In the previous pieces for this series, we referenced C. S. Lewis’s Trilemma, essentially his argument: in claiming He was God, Jesus was either a liar, insane, or God. In the previous installment, we addressed the question: Was Jesus a liar? Below, we’ll address Lewis’ next possibility: Was Jesus mentally ill?
Because Jesus is a polarizing figure, let’s begin this discussion with someone other than Jesus. Let’s use my friend “Mike” as the guinea pig in the mental exercise.
Let’s say I accused my friend Mike of a physical illness—say, influenza. What if I told everyone not to associate with Mike because of his sickness? Before I did that, it would be reasonable to detail his symptoms to provide evidence. Common symptoms of the flu include high fever, fatigue, sore throat, vomiting, and chills. What if, however, Mike had no symptoms—yet I told Mike’s friends he was sick anyway to make sure his friends stayed away from Mike? What sort of person would do that?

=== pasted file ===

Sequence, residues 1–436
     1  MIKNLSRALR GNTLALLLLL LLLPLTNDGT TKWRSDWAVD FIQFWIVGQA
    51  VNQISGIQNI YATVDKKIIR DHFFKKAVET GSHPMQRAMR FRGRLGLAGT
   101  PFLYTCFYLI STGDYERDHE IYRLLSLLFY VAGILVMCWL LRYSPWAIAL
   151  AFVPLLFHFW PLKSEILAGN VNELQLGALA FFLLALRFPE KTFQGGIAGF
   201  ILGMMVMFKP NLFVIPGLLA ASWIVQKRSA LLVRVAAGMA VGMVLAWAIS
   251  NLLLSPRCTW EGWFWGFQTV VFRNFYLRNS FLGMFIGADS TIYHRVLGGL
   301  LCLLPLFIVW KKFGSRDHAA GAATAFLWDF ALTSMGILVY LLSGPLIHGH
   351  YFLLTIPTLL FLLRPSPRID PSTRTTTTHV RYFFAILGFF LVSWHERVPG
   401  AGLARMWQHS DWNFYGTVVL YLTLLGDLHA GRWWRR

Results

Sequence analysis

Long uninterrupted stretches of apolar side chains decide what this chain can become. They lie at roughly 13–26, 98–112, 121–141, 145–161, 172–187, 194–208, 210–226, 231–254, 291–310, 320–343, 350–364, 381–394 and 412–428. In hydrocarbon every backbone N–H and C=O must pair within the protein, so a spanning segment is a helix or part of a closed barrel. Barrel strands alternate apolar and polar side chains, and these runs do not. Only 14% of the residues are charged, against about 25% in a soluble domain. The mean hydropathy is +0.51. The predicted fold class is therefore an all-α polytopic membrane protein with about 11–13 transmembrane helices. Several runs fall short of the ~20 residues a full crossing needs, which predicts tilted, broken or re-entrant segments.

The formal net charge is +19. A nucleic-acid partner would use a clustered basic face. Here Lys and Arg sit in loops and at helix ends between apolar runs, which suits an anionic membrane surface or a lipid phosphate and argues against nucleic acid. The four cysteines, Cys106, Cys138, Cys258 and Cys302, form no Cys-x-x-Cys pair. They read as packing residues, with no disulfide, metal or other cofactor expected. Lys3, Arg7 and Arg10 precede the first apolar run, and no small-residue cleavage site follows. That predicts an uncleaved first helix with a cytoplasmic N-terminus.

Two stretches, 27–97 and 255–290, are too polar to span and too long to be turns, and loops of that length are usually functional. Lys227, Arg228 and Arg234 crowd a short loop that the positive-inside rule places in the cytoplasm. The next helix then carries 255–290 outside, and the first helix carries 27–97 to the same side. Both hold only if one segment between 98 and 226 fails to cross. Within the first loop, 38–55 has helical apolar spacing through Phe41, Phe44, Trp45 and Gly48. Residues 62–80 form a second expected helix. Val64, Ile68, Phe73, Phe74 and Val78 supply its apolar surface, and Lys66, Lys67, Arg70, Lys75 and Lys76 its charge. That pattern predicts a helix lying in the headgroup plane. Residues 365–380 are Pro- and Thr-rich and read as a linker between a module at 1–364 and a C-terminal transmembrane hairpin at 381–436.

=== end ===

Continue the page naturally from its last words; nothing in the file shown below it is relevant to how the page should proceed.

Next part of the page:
Imagine now that I accused Mike not of physical illness, but of mental illness. Maybe I really believe Mike is mentally ill, but the truth is that I lack any formal—or even informal—study of mental disorders. Nevertheless, I don’t let that stop me. Though I cannot name one specific symptom of mental illness, I tell everyone to stay away from Mike because “Mike’s crazy!” What sort of person would do that?
Alright, now let’s give Mike a break and circle back to our original question. Judging from the Gospels, was Jesus mentally ill? And specifically, what mental disorder(s) did He have?
The accusation that Jesus was mentally ill appears in Scripture. In the Gospel of John 10:20, “many” people instructed others to ignore Jesus, saying: “He has a demon, and He is mad; why listen to Him?” His accusers did not inform their audience what form of mental instability they thought Jesus might have. They simply dismissed Him as crazy and left it at that. Of course, in fairness to Jesus’ accusers, there was very little known about mental illness back in those days. No one was expecting a professional diagnosis. After all, there were no professionals in psychiatry around the year 30, so no one had a right to expect a careful diagnosis.